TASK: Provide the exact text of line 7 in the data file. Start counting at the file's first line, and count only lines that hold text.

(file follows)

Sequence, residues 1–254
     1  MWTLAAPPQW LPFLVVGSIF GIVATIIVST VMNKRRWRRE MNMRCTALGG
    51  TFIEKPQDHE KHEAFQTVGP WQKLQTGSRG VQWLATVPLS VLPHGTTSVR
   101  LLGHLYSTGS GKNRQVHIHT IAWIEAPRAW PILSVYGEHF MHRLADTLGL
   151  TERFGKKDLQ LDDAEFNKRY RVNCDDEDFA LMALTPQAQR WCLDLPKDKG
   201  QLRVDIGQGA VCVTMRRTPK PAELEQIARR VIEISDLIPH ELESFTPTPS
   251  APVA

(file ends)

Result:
   251  APVA